Well, here we are at the second entry for the Y column. Last week I promised that we would write about five characters even though there are only three characters in this column. Have you ruminated on this enough already? Or perhaps you know the answer already.
Most columns have five characters corresponding to the five vowels (a, i, u, e, o); however, this column has only three characters (ya, yu, yo). I’ll write about those characters in Soundcheck 61, 63, and 65. Today, being number 62, let’s take a look at yi. What’s that? Yes, there are indeed characters for yi and ye, but they are no longer in general use. My understanding is that they passed from use over a hundred years back. In hiragana we can write yi as ゐ or in katakana as ヰ.
Words using these characters are still in use, but the characters have been replaced with i and e. I am amazed at how complete the change is. Virtually no Japanese person I meet can make the old sounds, and only a small percentage of the population are aware of the characters.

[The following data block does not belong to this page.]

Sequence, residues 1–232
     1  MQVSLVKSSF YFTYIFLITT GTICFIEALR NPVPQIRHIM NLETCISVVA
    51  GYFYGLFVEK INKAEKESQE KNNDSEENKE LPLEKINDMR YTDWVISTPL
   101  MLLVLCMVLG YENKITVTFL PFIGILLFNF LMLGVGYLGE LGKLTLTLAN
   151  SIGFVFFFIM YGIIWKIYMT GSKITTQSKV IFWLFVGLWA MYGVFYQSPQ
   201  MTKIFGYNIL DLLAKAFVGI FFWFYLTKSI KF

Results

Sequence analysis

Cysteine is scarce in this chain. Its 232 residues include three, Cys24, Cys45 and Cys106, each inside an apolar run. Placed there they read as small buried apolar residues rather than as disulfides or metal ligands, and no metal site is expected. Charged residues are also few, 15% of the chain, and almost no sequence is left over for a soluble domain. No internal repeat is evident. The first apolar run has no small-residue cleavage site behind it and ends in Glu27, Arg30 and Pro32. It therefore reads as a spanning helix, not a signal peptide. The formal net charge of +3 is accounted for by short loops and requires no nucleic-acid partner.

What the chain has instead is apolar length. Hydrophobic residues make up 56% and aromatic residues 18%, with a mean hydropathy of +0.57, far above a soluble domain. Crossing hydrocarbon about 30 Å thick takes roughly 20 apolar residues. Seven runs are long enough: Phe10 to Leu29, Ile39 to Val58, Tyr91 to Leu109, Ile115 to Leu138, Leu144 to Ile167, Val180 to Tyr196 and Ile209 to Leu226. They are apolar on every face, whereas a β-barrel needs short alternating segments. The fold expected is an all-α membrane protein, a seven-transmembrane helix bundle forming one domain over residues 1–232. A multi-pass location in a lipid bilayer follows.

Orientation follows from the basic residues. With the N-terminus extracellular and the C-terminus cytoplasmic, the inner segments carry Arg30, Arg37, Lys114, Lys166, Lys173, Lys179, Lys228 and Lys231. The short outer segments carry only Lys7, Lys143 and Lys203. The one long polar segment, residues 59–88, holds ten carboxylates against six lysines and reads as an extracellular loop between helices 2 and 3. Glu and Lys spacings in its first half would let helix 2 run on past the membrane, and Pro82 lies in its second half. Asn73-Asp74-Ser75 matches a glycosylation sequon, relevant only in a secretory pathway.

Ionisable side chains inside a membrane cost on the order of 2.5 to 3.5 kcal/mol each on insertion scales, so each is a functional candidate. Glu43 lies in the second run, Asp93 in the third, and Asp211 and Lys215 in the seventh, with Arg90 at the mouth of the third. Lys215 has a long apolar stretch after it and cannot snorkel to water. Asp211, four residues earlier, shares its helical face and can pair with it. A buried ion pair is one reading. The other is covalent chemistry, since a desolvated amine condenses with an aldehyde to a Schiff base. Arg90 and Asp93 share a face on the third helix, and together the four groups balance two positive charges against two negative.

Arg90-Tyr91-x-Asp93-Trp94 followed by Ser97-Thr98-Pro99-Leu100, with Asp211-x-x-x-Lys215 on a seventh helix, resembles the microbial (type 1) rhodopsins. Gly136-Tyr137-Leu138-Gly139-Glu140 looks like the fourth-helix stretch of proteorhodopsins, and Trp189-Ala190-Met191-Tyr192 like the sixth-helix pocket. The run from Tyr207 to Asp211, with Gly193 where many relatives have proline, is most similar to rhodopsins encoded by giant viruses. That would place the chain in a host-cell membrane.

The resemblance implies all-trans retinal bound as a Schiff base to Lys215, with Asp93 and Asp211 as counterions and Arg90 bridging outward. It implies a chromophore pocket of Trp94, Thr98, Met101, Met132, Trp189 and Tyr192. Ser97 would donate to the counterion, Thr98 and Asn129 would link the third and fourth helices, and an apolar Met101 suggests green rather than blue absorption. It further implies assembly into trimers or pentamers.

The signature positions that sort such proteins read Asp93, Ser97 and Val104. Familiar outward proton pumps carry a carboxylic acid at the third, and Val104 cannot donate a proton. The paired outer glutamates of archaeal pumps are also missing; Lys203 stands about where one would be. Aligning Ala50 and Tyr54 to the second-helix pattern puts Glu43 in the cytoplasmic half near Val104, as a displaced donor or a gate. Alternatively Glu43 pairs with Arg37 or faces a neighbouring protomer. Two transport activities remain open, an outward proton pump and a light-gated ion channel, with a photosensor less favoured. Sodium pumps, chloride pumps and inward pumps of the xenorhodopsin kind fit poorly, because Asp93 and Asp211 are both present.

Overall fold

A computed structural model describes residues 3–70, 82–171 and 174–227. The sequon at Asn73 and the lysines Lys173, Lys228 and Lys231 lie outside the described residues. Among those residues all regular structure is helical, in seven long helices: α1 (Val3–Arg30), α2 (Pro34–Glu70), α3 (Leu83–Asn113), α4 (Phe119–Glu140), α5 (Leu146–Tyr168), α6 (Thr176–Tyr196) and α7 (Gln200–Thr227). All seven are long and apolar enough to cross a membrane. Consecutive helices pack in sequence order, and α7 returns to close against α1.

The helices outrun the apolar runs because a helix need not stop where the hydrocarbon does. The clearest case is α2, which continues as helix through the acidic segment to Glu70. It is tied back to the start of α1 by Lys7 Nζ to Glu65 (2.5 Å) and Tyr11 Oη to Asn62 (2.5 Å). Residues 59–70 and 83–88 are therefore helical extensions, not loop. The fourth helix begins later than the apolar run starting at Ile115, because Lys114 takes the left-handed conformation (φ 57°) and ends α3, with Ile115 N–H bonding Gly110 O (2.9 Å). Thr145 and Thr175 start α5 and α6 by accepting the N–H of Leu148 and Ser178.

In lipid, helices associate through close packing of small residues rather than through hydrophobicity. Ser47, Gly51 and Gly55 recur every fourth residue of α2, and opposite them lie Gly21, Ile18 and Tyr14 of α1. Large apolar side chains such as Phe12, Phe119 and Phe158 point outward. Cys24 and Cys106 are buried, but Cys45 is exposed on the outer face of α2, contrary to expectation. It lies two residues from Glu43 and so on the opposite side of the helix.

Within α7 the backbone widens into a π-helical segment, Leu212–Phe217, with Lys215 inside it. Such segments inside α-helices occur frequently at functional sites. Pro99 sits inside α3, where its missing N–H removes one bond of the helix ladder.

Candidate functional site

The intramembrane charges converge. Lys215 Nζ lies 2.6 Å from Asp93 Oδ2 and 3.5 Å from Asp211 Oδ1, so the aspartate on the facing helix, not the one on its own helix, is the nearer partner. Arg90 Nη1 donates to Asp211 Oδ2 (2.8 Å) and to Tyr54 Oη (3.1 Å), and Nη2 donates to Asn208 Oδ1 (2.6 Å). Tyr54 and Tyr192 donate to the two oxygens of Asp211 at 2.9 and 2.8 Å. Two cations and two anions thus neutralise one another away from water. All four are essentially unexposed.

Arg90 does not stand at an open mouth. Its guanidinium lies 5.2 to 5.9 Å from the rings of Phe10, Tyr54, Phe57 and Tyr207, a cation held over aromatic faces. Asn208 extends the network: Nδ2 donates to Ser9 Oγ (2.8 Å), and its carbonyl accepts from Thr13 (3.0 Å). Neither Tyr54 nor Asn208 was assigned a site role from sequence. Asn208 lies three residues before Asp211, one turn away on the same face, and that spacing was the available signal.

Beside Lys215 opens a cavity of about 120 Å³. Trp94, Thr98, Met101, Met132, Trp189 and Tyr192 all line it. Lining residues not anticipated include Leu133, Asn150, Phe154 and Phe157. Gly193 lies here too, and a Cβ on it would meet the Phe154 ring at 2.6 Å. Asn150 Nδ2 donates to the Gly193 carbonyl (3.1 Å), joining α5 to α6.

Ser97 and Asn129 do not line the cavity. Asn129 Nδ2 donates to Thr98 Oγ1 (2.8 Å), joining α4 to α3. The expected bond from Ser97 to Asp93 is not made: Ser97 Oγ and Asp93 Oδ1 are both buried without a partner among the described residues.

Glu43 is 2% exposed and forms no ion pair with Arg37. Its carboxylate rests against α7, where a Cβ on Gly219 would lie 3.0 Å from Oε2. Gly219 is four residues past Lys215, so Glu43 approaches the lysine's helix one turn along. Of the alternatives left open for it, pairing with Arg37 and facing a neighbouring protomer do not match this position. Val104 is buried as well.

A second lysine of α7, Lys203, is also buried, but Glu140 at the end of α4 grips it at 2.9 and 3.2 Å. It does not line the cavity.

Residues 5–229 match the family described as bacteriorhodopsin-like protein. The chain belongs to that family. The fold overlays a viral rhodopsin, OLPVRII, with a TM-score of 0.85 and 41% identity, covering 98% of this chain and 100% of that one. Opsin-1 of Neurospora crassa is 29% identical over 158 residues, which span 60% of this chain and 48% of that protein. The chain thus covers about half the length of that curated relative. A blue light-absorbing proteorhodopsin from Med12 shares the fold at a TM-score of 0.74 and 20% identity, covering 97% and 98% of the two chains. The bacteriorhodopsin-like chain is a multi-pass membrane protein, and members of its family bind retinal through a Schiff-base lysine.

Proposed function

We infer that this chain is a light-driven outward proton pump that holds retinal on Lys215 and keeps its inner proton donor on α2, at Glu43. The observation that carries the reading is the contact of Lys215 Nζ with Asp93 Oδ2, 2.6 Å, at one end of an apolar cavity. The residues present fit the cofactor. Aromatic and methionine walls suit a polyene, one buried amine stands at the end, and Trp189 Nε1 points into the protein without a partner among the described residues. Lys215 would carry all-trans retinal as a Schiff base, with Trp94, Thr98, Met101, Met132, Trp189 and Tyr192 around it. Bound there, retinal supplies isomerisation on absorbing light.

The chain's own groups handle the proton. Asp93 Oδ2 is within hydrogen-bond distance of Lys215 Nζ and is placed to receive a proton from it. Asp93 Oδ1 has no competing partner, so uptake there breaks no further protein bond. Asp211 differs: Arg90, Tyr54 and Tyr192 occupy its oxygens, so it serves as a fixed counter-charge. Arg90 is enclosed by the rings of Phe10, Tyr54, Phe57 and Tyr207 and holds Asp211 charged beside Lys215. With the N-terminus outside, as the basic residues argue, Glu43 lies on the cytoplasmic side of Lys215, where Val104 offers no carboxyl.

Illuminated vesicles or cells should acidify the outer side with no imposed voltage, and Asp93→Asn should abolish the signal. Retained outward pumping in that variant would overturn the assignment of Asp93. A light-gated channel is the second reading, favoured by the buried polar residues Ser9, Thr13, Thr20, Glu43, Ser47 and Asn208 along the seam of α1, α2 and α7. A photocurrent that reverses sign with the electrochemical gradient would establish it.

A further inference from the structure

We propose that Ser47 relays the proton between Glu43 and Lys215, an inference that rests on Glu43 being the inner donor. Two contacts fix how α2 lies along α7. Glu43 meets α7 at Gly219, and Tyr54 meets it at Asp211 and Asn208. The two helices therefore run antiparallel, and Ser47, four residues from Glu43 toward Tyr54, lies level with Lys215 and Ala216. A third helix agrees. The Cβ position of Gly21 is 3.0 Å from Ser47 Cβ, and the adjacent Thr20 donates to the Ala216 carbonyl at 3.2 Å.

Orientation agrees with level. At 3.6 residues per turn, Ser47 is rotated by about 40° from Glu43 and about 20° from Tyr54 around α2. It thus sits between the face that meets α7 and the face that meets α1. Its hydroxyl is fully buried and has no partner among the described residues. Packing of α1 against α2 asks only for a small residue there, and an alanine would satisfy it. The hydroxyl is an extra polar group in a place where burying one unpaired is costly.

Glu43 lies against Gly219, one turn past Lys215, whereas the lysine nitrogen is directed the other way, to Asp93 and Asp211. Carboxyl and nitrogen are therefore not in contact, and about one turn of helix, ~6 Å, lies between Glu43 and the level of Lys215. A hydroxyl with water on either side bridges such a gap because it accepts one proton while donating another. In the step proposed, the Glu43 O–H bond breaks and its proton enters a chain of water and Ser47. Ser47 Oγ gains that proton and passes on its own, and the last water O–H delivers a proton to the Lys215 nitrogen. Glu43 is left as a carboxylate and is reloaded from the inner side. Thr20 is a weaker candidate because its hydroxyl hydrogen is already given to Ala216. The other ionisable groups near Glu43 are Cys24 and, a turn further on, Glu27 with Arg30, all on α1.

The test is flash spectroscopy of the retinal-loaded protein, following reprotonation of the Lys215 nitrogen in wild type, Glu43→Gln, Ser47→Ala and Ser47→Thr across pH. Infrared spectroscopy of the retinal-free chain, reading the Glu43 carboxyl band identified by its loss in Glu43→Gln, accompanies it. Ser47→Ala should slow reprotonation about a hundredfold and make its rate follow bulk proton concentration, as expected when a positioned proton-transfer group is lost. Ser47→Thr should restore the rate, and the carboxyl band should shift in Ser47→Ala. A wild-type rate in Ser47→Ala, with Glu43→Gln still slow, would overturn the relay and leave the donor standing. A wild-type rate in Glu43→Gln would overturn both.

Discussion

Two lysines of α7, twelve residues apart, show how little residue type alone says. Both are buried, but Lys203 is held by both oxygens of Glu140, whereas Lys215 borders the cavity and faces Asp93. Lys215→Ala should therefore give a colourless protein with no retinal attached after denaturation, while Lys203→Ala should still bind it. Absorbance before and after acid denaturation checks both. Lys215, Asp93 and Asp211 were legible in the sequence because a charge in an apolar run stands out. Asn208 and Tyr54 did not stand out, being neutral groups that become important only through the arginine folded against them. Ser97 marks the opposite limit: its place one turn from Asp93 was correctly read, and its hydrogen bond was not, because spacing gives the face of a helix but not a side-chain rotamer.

I can think of similarities in English, for example the disappearance of people who make a distinction between words like ‘whether’ and ‘weather’, but it doesn’t seem so complete.
Today, I’ll just list one word as an example. Yinaka (ゐなか・田舎) is the word for ‘country’ as in country bumpkin, not as in “I love the country of Japan”. We use this word today, but it is written いなか or in kanji as 田舎.
Next week, back to characters that are still in use.